Colombia’s sugar companies have been ordered $113 million in fines for conspiring to block imports of the product from Bolivia, Guatemala, El Salvador and Costa Rica.
The fines represent the highest ever imposed on a group of companies and individuals from any sector of the national economy.
According to the Superintendency of Industry and Commerce (SIC), the fines apply to companies Asocaña (Association of Sugarcane Growers of Colombia), Ciamsa, Disca and others, as well as twelve sugar mills. The extensive and industry-wide investigation revealed calculated efforts by the sugar industry to obstruct imports of sugar from other countries into Colombia, particularly from Bolivia, Guatemala, El Salvador and Costa Rica.
The decision also applies to fourteen executives in the sugar sector, stated to have worked, facilitated, authorized, executed or tolerated anti-competitive conduct. Ultimately, the filings claim that the industry has engaged in illegal cartelization. Cartelization is the formation of cartels, or agreements between competing firms to control prices or exclude entry of a new competitor in a market.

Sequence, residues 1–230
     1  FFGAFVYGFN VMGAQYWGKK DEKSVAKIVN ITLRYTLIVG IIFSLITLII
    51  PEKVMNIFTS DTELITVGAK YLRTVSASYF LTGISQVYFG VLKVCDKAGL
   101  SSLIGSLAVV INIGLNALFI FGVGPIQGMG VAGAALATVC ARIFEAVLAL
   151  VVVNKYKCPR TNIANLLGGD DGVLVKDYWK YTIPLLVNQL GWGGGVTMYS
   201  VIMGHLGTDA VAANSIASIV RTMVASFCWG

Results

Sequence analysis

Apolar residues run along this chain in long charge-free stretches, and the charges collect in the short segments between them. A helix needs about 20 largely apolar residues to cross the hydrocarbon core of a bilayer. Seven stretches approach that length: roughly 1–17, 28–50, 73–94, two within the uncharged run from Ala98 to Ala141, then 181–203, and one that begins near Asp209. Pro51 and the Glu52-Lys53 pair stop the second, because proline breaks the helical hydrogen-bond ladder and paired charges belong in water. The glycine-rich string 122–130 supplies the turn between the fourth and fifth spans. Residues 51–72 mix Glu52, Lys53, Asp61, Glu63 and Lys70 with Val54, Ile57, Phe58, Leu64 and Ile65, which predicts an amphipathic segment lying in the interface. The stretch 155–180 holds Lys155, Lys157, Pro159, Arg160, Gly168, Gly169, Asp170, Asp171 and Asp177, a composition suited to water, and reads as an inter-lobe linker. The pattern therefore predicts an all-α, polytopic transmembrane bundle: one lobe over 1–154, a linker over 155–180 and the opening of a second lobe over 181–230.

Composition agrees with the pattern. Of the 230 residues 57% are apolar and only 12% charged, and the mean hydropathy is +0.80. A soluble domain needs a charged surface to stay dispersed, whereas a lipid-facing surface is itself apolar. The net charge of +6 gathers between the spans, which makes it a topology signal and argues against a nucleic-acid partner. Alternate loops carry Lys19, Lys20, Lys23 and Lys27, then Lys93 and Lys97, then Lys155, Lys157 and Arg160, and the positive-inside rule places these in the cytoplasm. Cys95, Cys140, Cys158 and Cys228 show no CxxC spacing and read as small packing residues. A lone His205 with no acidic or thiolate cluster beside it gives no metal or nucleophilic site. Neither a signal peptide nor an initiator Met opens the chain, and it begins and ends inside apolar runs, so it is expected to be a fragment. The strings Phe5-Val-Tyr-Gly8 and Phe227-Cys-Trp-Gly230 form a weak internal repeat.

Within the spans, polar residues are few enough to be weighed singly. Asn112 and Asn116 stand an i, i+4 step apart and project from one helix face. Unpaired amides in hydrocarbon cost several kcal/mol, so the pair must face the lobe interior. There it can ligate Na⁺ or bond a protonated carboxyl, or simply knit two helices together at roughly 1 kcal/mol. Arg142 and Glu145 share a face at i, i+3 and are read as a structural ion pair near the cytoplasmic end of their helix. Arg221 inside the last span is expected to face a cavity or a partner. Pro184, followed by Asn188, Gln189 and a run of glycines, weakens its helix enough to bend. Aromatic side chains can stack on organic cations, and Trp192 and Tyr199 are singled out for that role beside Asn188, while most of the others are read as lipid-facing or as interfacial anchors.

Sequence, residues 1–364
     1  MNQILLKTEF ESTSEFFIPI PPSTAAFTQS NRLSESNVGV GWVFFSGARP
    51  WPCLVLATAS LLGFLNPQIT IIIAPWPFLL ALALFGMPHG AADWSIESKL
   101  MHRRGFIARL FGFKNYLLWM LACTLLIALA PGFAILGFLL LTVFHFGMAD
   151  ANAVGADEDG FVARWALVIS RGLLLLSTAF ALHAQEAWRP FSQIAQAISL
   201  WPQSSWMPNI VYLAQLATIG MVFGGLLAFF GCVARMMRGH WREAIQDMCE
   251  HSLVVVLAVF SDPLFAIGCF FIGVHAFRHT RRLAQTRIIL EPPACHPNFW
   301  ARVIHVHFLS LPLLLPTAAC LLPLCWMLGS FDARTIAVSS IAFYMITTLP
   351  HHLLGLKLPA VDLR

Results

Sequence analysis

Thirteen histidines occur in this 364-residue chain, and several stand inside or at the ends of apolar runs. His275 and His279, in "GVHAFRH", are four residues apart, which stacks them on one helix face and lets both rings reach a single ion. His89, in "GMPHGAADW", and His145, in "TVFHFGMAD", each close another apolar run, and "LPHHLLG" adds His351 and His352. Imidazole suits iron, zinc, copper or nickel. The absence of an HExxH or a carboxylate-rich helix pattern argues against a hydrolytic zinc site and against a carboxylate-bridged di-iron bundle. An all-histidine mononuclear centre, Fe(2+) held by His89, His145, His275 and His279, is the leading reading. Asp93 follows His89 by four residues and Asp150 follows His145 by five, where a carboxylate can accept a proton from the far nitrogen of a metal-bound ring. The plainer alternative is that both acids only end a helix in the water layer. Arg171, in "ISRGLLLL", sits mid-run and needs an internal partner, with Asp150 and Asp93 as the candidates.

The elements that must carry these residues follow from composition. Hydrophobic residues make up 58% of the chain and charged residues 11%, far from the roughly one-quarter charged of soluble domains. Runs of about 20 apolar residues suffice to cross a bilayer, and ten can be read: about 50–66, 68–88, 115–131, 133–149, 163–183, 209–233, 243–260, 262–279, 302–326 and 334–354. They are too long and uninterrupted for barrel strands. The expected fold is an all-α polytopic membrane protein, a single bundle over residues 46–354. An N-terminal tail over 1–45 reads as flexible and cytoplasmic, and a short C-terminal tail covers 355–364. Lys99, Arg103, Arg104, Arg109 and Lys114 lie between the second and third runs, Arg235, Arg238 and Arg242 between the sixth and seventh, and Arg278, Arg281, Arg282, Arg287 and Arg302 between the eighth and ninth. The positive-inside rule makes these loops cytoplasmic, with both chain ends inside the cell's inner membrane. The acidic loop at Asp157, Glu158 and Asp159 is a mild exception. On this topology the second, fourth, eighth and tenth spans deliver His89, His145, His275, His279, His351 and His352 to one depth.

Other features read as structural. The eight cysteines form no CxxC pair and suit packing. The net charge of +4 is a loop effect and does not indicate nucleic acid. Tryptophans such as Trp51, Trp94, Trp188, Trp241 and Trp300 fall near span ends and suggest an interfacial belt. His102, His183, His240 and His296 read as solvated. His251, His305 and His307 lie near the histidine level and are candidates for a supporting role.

The sanctions total $113 million and primarily hit the companies Riopaila Castilla SA, Ingenio del Cauca SA, Manuelita SA, and Asocaña. Still, according to SIC, the fines imposed on the mills do not exceed seven percent of total operating income nor seven percent of assets.
The sugar industry has lashed back at the claims. Speaking on behalf on Asocaña, Pablo Caceres, guild lawyer and the organization’s president, Luis Fernando Londoño, insisted that the sanctions are “openly illegal” and based “on facts not contained in the investigation.”
“We have been violated due process, the right to legitimate defense, and an attack has been made on our good name,” said a representative from Riopaila-Castilla.
The investigation began after complaints filed in 2010 by several entrepreneurs and sugars and consumers brought light to the situation. After some initial inquiry, the Delegation for the Protection of Competition filed charges for alleged business cartelization by Asocaña, Ciamsa, Disca and the twelve mills on February 13, 2012.
While the total of the sanctions is the largest ever imposed, it by no means marks the first time large fines have been made across Colombia’s economy. Between 2012 and 2015, the SIC issued a total of 950,000 million pesos in charges.
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